How do volcanoes affect weather and climate?


Before tropical storm Iselle’s landfall on Aug. 7, conventional wisdom among many residents was that the Island of Hawaii is immune to hurricanes because its large volcanic mountains obstruct approaching storms, diverting them around the island.

Topography indisputably influences the weather — that’s why precipitation is so much greater on the windward side of the island. But how much did Hawaii’s topography influence Iselle? Hurricane Iselle weakened to a tropical storm just as it reached the island, but still managed to make landfall. As it did, the bulk of the storm stalled on the east flank of Mauna Loa, but its weakened upper parts continued moving westward.

Aside from Mauna Loa’s arguable topographic effects on Iselle, there is another potential impact of volcanoes to consider. Active volcanoes can sometimes affect weather — and climate — by discharging gases and particles into the atmosphere.

The three dominant gases emitted by volcanoes are water vapor (about 90%), carbon dioxide, and sulfur dioxide. Both water vapor and carbon dioxide are important greenhouse gases. “Greenhouse” refers to the fact that these gases trap solar radiation.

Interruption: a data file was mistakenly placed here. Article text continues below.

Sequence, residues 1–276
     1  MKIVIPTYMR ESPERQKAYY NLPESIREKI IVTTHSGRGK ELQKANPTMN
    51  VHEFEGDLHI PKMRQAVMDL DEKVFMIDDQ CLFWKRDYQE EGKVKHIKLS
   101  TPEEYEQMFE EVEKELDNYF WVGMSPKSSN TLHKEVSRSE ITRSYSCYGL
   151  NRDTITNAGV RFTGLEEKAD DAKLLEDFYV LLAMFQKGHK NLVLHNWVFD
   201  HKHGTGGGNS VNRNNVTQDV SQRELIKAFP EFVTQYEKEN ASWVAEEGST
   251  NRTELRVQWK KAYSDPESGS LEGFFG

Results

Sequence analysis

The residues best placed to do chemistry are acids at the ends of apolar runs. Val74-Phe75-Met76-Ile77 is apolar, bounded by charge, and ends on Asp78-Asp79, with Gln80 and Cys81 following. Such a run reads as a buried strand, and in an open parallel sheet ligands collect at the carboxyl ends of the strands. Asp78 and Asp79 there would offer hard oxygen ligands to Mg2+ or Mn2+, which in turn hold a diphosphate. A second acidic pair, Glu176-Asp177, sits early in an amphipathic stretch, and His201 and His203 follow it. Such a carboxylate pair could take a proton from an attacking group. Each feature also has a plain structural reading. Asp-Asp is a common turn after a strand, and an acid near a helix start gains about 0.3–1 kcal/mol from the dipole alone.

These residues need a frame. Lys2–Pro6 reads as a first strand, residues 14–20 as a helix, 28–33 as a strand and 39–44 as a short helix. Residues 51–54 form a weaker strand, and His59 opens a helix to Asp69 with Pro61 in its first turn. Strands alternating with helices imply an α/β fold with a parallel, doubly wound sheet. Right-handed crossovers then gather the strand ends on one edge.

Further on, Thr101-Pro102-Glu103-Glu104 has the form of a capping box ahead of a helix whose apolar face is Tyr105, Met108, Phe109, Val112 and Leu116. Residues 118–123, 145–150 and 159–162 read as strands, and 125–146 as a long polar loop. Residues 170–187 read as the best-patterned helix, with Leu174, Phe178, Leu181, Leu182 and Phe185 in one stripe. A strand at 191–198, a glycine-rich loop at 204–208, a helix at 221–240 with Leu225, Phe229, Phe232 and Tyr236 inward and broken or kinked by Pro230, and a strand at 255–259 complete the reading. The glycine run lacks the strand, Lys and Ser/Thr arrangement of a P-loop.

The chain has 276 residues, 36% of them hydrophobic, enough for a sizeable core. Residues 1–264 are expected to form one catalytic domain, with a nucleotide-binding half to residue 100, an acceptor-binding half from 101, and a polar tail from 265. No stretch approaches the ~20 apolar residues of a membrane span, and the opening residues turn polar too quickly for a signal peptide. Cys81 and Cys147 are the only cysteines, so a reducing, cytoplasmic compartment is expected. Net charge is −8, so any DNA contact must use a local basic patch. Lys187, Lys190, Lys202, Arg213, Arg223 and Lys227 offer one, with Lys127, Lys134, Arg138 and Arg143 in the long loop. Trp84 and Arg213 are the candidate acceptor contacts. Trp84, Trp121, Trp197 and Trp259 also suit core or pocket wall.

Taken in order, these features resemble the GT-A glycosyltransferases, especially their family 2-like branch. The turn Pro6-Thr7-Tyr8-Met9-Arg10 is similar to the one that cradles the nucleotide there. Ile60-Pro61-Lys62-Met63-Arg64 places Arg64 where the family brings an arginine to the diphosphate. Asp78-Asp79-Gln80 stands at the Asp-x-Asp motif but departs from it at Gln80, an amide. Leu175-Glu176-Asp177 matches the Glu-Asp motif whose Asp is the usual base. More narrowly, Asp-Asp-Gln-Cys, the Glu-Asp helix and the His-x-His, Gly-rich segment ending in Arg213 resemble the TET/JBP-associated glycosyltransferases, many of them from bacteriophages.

In a simplified way, here’s how it works: Visible and ultraviolet radiation from the sun heats the earth’s surface. The surface then re-radiates some of this energy back up through the atmosphere as infrared radiation, which selectively heats greenhouse gases in the atmosphere—and the greater the concentration of greenhouse gases, the greater the atmospheric heating. Without greenhouse gases, the infrared radiation would just escape into space. The greenhouse gases, however, re-radiate the heat in all directions, including back to the surface.

Carbon dioxide released into the atmosphere remains there for a long time, so increasing concentrations of this gas result in long-term global warming. The residence time of water vapor in the atmosphere is normally much less than that of carbon dioxide. However, the concentration of water vapor in the atmosphere does increase with temperature. So, heating of the atmosphere by carbon dioxide buildup increases the amount of atmospheric water vapor, creating a positive feedback mechanism that further increases the temperature.